Limits...
Using unsupervised patterns to extract gene regulation relationships for network construction.

Tang YT, Li SJ, Kao HY, Tsai SJ, Wang HC - PLoS ONE (2011)

Bottom Line: The high scalability and low maintenance cost of the unsupervised patterns could help our system to extract gene expression from PubMed abstracts more precisely and effectively.Experiments on several regulators show reasonable precision and recall rates which validate AutoPat's practical applicability.The conducted regulation networks could also be built precisely and effectively.

View Article: PubMed Central - PubMed

Affiliation: Department of Computer Science and Information Engineering, National Cheng Kung Tainan, Taiwan, Republic of China. p7895125@mail.ncku.edu.tw

ABSTRACT

Background: The gene expression is usually described in the literature as a transcription factor X that regulates the target gene Y. Previously, some studies discovered gene regulations by using information from the biomedical literature and most of them require effort of human annotators to build the training dataset. Moreover, the large amount of textual knowledge recorded in the biomedical literature grows very rapidly, and the creation of manual patterns from literatures becomes more difficult. There is an increasing need to automate the process of establishing patterns.

Methodology/principal findings: In this article, we describe an unsupervised pattern generation method called AutoPat. It is a gene expression mining system that can generate unsupervised patterns automatically from a given set of seed patterns. The high scalability and low maintenance cost of the unsupervised patterns could help our system to extract gene expression from PubMed abstracts more precisely and effectively.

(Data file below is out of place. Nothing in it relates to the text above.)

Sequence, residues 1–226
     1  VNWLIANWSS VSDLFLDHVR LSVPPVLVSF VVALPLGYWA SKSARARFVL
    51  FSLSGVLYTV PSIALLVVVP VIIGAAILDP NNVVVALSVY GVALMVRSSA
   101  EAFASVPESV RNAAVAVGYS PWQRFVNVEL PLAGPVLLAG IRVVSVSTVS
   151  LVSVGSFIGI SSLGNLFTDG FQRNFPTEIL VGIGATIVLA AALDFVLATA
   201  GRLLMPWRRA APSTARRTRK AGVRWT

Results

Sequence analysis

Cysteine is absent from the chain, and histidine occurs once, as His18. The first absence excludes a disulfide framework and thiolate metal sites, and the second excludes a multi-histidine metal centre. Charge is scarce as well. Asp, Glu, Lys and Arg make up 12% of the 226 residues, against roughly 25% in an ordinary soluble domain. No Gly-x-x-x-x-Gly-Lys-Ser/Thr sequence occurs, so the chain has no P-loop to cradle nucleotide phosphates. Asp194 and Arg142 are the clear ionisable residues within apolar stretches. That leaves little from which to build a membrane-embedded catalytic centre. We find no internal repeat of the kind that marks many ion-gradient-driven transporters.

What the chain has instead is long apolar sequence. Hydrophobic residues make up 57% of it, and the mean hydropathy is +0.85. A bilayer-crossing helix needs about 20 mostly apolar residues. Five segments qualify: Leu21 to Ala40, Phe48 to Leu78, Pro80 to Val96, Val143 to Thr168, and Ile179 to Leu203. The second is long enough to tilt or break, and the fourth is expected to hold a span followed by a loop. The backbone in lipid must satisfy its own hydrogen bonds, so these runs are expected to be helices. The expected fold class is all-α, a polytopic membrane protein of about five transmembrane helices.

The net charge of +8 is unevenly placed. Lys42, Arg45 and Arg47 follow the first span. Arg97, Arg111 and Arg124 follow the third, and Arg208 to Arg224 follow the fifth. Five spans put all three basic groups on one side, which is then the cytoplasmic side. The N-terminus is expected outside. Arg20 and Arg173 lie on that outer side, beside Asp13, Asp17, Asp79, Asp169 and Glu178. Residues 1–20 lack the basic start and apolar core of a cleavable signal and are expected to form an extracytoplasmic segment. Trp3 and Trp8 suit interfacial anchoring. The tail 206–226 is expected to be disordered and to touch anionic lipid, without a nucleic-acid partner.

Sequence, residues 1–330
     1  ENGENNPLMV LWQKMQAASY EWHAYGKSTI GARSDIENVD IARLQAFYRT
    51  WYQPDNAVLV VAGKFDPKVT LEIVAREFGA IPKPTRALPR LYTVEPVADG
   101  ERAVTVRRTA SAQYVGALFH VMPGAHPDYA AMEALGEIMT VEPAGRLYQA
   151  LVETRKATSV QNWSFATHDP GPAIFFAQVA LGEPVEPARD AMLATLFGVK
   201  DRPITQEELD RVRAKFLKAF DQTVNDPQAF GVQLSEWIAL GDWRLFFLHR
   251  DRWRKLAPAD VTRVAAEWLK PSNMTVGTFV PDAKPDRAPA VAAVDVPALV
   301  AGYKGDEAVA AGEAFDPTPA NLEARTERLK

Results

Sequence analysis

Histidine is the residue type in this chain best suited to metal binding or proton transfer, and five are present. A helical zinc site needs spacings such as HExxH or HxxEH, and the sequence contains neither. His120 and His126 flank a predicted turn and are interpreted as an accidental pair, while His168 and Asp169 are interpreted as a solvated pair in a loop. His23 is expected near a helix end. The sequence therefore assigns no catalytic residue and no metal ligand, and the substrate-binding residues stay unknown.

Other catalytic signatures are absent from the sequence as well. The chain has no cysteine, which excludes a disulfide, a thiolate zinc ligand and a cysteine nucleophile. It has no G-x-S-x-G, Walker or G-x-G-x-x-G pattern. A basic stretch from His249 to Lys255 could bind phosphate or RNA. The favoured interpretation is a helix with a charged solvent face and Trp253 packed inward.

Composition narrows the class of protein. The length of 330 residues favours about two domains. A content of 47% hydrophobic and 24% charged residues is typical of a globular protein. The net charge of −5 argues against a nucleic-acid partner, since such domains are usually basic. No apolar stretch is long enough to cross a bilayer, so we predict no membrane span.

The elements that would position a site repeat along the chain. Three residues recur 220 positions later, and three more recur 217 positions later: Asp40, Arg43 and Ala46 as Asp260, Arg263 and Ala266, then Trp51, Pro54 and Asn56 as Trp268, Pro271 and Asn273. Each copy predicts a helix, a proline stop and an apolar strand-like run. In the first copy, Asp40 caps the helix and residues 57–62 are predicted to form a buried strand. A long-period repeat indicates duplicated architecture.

Conclusions/significance: Experiments on several regulators show reasonable precision and recall rates which validate AutoPat's practical applicability. The conducted regulation networks could also be built precisely and effectively. The system in this study is available at http://ikmbio.csie.ncku.edu.tw/AutoPat/.

Show MeSH
The global network of HIF-1 TF.
© Copyright Policy
Related In: Results  -  Collection


getmorefigures.php?uid=PMC3091867&req=5

pone-0019633-g007: The global network of HIF-1 TF.

Mentions: In Figure 7, a four layers global gene regulatory network that contains direct and indirect relationships with HIF-1 TF and its partial network are shown. After the first TG set of HIF-1 is extracted, their confidence values are conducted by the occurrence frequency. If an extracted TG is also found in the TF dictionary, this TG is considered as the next TF for extracting generic regulatory relationships. The process is repeated four times. The extracted relationships are shown as a directed graph. The nodes represent TFs or TGs and the arcs are represented pairwise regulation relationships. An arc points from TF to TG and the type of relation is indicated as the generic regulatory relation. TGs in the layer one are denoted by green nodes. Furthermore, the blue, orange, and purple nodes indicate the other TGs from layer two to layer four. A high confidence regulation relation is denoted by a bold line. In this network, five well-studied regulation relationships are found by high confidence arcs. The VHL TG is regulated by HIF-1 TF directly in the layer one. The GC, RAR-alpha, MSK-1, and MOT1 TGs are indirectly related to HIF-1 TF in the layer four through some important nodes. VHL and TFIIB are found as important nodes between these indirectly related TGs with HIF-1 TF. The overall pathway information is listed in Table 7. Figure 8 shows the instances of direct and indirect generic regulatory relationships from HIF-1 TF to P53 TG. HIF-1 regulates P53 gene directly according to the articles (PMID: 11375890). Besides, P53 gene is also regulated by HIF-1 indirectly through P300 or VHL regulation processes.